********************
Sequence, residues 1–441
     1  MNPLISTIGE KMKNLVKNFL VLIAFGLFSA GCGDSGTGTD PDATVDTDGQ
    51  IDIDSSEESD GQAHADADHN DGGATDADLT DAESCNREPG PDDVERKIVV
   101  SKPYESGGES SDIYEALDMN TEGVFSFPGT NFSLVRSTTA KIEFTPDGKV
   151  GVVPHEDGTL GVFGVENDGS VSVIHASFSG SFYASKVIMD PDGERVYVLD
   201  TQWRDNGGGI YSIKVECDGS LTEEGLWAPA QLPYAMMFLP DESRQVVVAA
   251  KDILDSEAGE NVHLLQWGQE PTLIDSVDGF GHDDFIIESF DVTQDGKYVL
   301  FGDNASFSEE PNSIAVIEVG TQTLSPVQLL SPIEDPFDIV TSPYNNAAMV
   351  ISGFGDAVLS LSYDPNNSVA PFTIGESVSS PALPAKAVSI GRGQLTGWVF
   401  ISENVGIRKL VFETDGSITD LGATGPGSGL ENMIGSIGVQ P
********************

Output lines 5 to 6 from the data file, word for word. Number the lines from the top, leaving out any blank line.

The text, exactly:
   151  GVVPHEDGTL GVFGVENDGS VSVIHASFSG SFYASKVIMD PDGERVYVLD
   201  TQWRDNGGGI YSIKVECDGS LTEEGLWAPA QLPYAMMFLP DESRQVVVAA